I pressed my face against the airplane window in complete awe of what was below me. And I thought, "Can't we just stop here for a bit?"
It was the summer of 1985 and I was fresh out of high school and on a plane from Seattle to Amsterdam with a group of 40 headed for a 6-week tour of eastern Europe and what is now the former Soviet Union.
We were probably 30,000+ feet above northern Canada or Greenland, for the polar flight route saves a little time (but it's still a 9-hour flight or so). And the view below of ice, snow and pristine waters just hypnotized me. I've always had a passion for maps, geography and looking at pictures of places around the world, but here it was RIGHT IN FRONT OF ME! OK, well, from high up in a plane but still it wasn't a photo this time! Real life!
Was anyone living down there? What's it like?
Fast forward 24 years or so and I stumbled upon an article on cnn.com about Shishmaref, Alaska...a small town on a barrier island in remote Alaska - kind of near Nome - that is slowly washing away into the sea due to climate change. The permanent sea ice is now starting to melt, so the strong storms they are used to having are now tearing away at their land. The town is at risk of losing their unique way of life, culture and language dialect should they eventually have to leave and completely relocate elsewhere. Can you imagine? And the sheer expense of relocating a town...yikes.
So whether you believe that global climate change is something of a natural cycle in the universe (the Ice Ages are thought to be a phenomenon of our solar system passing in and out of an arm of our galaxy every 40,000 years or so - no joke), or something caused by humans - or perhaps both? Well, SOMETHING is happening in Shishmaref. Something severe enough to threaten hundreds of years of generations and history to just wash away into the sea. And that Something is happening in several other parts of the world.
I'm not one to get into the politics or debate over climate change. Let's deal with the facts and DO something - if we can. I guess stumbling upon that article last fall reawakened some interest I'd likely shelved since that flight to Amsterdam over Greenland so many years ago.
Guess I'm a budding Arctic scholar here!
I've dived (dove?) in head first, doing a ton of reading and research online and with books, learning all I can about the Arctic and the uniqueness of it. There are so many things to learn about...the geography, the issues with climate change, issues with the indigenous peoples, languages, flora and fauna, the courage and drama to find and sail the Northwest Passage, the long-elusive sea trading route...simply endless! Even a land dispute or two [look up "Hans Island" and you'll see what I mean]! Simply fascinating! Who knew an uninhabited rock in a far-northern strait would be the cause of such controversy between Canada and Greenland (Denmark).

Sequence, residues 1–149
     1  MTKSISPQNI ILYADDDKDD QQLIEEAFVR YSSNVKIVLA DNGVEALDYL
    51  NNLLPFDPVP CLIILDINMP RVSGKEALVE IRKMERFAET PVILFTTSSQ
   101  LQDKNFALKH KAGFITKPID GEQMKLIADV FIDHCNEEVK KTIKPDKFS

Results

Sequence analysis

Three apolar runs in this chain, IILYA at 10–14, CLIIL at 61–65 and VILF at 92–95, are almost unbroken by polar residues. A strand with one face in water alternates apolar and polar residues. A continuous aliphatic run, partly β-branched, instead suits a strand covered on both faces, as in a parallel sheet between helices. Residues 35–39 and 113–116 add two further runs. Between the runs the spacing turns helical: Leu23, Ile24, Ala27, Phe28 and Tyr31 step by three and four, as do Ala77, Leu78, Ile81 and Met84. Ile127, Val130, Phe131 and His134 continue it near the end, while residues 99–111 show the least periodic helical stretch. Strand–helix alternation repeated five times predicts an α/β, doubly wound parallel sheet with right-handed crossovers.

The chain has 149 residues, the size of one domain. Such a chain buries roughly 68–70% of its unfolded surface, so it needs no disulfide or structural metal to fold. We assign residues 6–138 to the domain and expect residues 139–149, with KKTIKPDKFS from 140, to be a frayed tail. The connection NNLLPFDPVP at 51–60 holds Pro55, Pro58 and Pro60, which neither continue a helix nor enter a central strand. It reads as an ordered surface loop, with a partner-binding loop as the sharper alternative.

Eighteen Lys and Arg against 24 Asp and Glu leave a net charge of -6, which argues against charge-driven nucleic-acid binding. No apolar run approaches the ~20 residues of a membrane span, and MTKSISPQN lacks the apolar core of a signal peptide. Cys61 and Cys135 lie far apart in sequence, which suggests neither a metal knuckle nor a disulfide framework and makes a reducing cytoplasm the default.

This is one of those things where I don't question WHY I have this interest. I don't have any northern/Nordic family ancestry to my knowledge. But this interest burns strong enough in me to where I just GO and DO.
So my latest wild-hair trip I'm dreaming of is a trip to...Spitsbergen! Or Svaalbard, rather. I hear the sea kayaking is incredible. Now, now...I've learned a thing or two in all this reading I've been doing. First of all, you need to find this place on a map. Hint: it's the archipelago north of Norway, Sweden and Finland.
The Arctic is not just snow, ice, igloos and polar bears. Surprisingly, as far north as Spitsbergen is, there is enough Gulf Stream activity in the ocean nearby so it is somewhat "warm" in the summer...meaning in the low 40s F (6-7c) for high temperatures. Remember, we're talking 78 degrees north latitude, so those temps in the summer are downright balmy by comparison. See the picture in this post? That's the town of Longyearbyen, with a population of over 2000!
I don't know what in hell has possessed me to think about a trip like this, but at the earliest it would be in summer 2011. Lord knows it would be an expensive, 5-figure and once in a lifetime, unforgettable trip. My house will likely need a new roof next year and of all things my refrigerator and freezer have decided to stop working in the past couple of days. Hmmm, how ironic, for here I'm dreaming about a COLD adventure and yet right here at home my chief source of COLD has apparently crapped out.
I'll likely have more to blog about in this quest/dream for a high Arctic excursion one of these summers. Until then, I was supposed to go to a big party tonight but have some mild stomach problems so I'm going to take a pass.
Instead I will crack open a new book I just ordered about how to speak Norwegian. If I'm going to do this trip some day, might as well be prepared.